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Board Dynamics

Expanding the Volunteer Leadership Pipeline

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To generate more diverse boards, associations need to provide better access to leadership opportunities. Progress might require tweaks to bylaws, but equally important is linking leadership skills to strategy, based on a clear sense of where the association wants to go.

In 2016, the Council of Landscape Architectural Registration Boards began addressing a problem with its board. The CLARB leadership pipeline was proving to be almost unworkably narrow: Its 12 board members were all required to be licensed landscape architects, with 18 months of active engagement with the association prior to a board run. Those restrictions limited the pool of nominees, its strategic skill sets, and its overall diversity.

“When your leadership pipeline can only come from your membership, and your membership is very small and it’s made up of later-career Caucasian men, your access to diversity is very limited,” said CLARB Chief Strategy Officer Veronica Meadows, CAE.

Addressing that challenge would ultimately require a change in CLARB’s bylaws. But before that, the association needed to have a conversation about how it would identify knowledge and diversity gaps in the board and the best ways to fill them. To that end, CLARB convened a pair of task forces to look at competencies that would be essential for a forward-looking board and to develop a structure that would include board members with those competencies, even if they weren’t part of CLARB’s typical pool of candidates.

That work resulted in a proposed bylaws change that would allow for appointed at-large board positions to address competency gaps. When the proposal was first put to a vote among membership in 2018, it failed narrowly—a lesson, Meadows says, about the importance of communicating the need for change to members. After CLARB leadership redoubled its efforts to communicate the benefits of the plan, the proposal passed unanimously in 2019.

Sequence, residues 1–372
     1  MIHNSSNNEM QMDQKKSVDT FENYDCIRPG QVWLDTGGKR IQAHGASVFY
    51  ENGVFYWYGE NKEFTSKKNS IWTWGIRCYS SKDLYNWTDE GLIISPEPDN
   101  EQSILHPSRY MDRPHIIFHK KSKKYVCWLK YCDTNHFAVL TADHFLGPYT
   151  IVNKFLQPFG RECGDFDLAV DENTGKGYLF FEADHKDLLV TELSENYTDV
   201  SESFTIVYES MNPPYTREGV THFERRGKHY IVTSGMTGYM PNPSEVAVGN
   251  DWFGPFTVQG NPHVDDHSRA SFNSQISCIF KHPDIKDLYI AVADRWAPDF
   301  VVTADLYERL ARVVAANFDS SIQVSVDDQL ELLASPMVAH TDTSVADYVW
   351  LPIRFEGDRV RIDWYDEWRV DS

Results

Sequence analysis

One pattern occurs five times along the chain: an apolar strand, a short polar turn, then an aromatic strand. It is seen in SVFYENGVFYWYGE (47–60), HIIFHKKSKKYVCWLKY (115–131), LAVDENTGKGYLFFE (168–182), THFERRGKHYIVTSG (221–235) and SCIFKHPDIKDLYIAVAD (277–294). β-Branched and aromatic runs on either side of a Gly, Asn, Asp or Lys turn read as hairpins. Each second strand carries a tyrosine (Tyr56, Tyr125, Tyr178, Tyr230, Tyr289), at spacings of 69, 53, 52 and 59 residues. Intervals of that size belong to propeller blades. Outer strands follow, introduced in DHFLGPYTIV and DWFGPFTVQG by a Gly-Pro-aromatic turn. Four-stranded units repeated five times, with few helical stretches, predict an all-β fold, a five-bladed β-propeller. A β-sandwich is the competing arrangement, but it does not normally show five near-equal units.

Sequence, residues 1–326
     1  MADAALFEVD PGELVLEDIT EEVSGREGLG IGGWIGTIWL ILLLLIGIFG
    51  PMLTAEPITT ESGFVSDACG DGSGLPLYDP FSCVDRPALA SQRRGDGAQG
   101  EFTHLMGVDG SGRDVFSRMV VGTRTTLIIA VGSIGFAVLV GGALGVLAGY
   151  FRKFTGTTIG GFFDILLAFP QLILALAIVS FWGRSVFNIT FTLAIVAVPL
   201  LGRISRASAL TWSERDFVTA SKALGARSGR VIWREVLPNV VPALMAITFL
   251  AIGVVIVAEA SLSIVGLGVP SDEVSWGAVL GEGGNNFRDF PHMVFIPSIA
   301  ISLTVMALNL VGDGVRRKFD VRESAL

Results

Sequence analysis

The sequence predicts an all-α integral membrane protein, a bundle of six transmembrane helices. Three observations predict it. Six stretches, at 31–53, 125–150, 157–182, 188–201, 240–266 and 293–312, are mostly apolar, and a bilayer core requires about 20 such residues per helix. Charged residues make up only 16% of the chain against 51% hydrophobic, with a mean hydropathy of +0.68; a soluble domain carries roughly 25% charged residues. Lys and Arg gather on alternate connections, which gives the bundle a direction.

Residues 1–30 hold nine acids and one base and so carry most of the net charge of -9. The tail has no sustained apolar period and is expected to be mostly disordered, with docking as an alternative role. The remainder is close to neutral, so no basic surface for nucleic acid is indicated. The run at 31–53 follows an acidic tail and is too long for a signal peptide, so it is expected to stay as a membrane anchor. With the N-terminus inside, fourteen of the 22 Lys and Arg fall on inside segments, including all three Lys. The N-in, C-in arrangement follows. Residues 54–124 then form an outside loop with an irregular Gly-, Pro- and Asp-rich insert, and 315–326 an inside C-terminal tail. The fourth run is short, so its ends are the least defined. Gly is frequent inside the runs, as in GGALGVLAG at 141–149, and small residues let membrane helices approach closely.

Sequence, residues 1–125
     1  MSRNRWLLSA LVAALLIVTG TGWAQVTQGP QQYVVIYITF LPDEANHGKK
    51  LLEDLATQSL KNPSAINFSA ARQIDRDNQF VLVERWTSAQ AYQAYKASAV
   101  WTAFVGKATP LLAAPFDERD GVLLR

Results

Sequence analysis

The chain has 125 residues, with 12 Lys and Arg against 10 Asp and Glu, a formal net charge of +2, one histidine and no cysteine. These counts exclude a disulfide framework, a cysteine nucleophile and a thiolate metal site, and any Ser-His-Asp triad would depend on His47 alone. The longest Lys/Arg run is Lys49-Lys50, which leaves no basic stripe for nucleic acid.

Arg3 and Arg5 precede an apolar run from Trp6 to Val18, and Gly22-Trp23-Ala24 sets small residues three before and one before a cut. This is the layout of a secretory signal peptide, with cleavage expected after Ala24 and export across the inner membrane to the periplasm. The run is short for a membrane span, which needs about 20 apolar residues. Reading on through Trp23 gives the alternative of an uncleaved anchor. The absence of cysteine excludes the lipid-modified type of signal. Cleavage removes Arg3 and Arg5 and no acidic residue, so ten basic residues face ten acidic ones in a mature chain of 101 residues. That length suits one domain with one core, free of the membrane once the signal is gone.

“Our strategy helps us define the knowledge and expertise we’re looking for in leadership. Making that connection was huge.” — Veronica Meadows, CAE, Council of Landscape Architectural Registration Boards

The change on the board since then has been substantial. The number of board nominees rose from 20 to 35 between 2020 and 2022, Meadows says, and the average age of board members has decreased by 10 years since the bylaws change was adopted. The board is also approaching gender parity, and nearly half of its members are nonwhite.

Meadows credits the transformation not just to the bylaws change but to more aggressive work by the nominating committee to recruit board members with necessary competencies.

“We’re being more intentional around recruiting,” she said. “We’re recognizing that there are certain experiences and perspectives that are valuable, based on our strategy. Our strategy helps us define the knowledge and expertise we’re looking for in leadership. Making that connection was huge.”

Audits and Early Starts

To ensure a diverse talent pool when board nominations roll around, associations need to be constantly on the lookout for future leadership prospects. That process ought to begin practically from the time a person becomes a member, says Nikki Haton Shanks, CAE, a strategist at Association Laboratory Inc.

“Where it starts is individuals showing up and showing interest,” she said. “That can be attending the annual meeting for the first time, or being an award recipient, or reaching out individually to a staff member and saying, ‘I’m looking for opportunities, how do I get involved?’”

Shanks notes that associations need to pay close attention to the environment they’re creating for those potential early volunteers. Do they feel encouraged to reach out in the first place? Does the association have meaningful and flexible roles for them when they do? Shanks recommends that associations conduct an audit of their volunteer opportunities to surface biases and roadblocks that can stand in the way of a diverse leadership pipeline.

“A holistic review of all your potential opportunities and approaches is really beneficial,” she said.

That review, she adds, should consider what kinds of strategic and decision-making skills the volunteer roles require. Then, when it comes time for volunteers to advance to board work, nominating committees will have a clear picture of what competencies a potential board leader brings to the table. That process also lowers the incidence of tokenism, recruiting well-qualified, diverse candidates to the board, rather than elevating underprepared volunteers to high-end roles solely to fill diversity gaps.

“You don’t want to be selecting somebody because of a symbolic effort to visually indicate diversity, without any regard to their competence,” Shanks said. “In the context of ethical aspects of creating a diverse pipeline, that’s one area you need to make sure to address. You discount your other DEI efforts if you put someone on a committee for visibility’s sake only.”

Mark Athitakis

Mark Athitakis, a contributing editor for Associations Now, has written on nonprofits, the arts, and leadership for a variety of publications. He is a coauthor of The Dumbest Moments in Business History and hopes you never qualify for the sequel.

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